Editor’s Note: Steve Prokopy spoke with filmmaker John Carroll Lynch about the making of Lucky and working with Harry Dean Stanton. Read that interview here.
You shouldn’t go see Lucky, featuring the final starring role from the wonderful Harry Dean Stanton, just because Stanton died not long ago. You should go because it’s a wonderful, fundamentally life-affirming film that honors much of what made Stanton so unique both as a person and an actor.
If you caught him in the handful of “Twin Peaks” episodes that he appeared in recently, under the direction of his long-time friend David Lynch, then you know that with just a look or a casual gesture, Stanton can evoke pathos and humanity in a way few actors of any generation could. And within Lucky, just by looking at his ancient hangdog face, we are able to project our fears about getting old, being alone, and maintaining friendships as those in our age group begin to die off.
Directed by the consummate character actor (and first-time filmmaker) John Carroll Lynch and written by Logan Sparks and Drago Sumonja, Lucky is the story of a 90-year-old atheist living on the outskirts of a town that probably isn’t on the map anyway. His isolation seems deliberate, but he finds ways to interact with people during the course of his daily routine, which includes a light workout in the morning (complete with the day’s first of many cigarettes), a walking tour of the town (complete with seemingly random outbursts at various points), a stop in his favorite diner, and ending the night at Elaine’s, a local bar.
He’s usually polite to both those he sees every day and those whose path he crosses whom he doesn’t know, but using the word “friends” for any of these encounters seems out of his reach, with the exception of his talks with his pal Howard, played by (you guessed it) David Lynch in a genuinely moving performance.
One morning, Lucky collapses during his workout, leading to a disruption in his routine that triggers a series of events that might never have occurred if his routine had gone uninterrupted. As a result, he receives a sliver of enlightenment into those around him, discovering that when he didn’t show up to his usual spots that day, people noticed and worried about him.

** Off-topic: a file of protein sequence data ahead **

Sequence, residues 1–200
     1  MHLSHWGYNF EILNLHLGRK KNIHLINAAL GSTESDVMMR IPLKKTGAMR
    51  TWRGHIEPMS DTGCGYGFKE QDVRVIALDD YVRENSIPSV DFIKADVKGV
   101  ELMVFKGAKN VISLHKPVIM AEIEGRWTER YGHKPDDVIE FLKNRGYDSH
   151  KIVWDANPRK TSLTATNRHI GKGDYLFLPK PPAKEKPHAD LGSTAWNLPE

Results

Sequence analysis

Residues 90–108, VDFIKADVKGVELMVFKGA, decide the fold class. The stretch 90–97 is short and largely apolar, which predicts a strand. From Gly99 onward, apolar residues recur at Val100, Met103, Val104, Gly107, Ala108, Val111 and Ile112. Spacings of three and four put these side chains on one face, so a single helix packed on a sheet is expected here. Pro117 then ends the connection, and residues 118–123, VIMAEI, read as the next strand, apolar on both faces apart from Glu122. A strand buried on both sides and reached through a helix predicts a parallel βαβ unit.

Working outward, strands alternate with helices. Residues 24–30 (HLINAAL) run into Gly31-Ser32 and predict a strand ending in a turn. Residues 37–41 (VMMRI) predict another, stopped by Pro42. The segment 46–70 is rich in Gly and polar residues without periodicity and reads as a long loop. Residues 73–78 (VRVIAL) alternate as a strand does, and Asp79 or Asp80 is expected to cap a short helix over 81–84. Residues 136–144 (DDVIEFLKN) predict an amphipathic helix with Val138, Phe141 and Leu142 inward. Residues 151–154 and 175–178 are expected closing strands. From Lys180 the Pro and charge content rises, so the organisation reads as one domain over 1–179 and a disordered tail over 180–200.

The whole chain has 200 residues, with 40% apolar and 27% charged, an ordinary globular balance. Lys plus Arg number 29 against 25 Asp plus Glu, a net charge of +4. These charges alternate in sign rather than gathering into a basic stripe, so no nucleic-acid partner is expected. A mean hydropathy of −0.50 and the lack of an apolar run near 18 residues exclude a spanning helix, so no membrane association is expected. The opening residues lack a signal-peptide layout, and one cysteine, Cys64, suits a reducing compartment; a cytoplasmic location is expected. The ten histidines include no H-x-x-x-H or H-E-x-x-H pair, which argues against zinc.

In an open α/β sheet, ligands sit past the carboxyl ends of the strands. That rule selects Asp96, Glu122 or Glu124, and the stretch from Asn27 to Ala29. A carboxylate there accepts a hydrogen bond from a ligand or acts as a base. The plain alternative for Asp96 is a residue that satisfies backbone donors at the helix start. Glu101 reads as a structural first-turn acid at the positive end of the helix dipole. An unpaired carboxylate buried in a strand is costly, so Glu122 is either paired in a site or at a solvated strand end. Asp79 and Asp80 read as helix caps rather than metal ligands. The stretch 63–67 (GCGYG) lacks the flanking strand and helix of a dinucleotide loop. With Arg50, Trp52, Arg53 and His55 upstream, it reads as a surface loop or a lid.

He visits his long-time doctor (Ed Begley Jr.), who informs Lucky that he is in fact old—in great physical shape for his age, sure, but also past his prime, and he could drop dead at any time for no real reason. It sounds depressing but it’s actually quite funny, and this news inspires Lucky to look around at his life from a new, slightly askew perspective. I’m not even sure director John Carroll Lynch meant for Lucky to be full-on inspirational, but in many unexpected ways, that’s exactly the end result.
The film features a few nice turns and drop-ins by the likes of Ron Livingston, Beth Grant, and Stanton’s old Alien co-star Tom Skerritt, but it’s the unfamiliar faces that really capture the spirit of connection that becomes the dominant theme of Lucky. What starts off as a testament to the awesome aura of Stanton now serves as a fitting tribute and farewell to the late, great actor who was capable of so much as a performer.
Lynch’s direction doesn’t get in the way of Stanton’s work, instead serving as a place for him to show audiences all that he was capable of, including making us laugh, cry and want to know him better. But it was an elusive quality that gave Stanton so much power and presence. Lucky’s greatest achievement is to serve as a reminder of Stanton as a quiet but devastating force of nature.
The film opens today at the Music Box Theatre.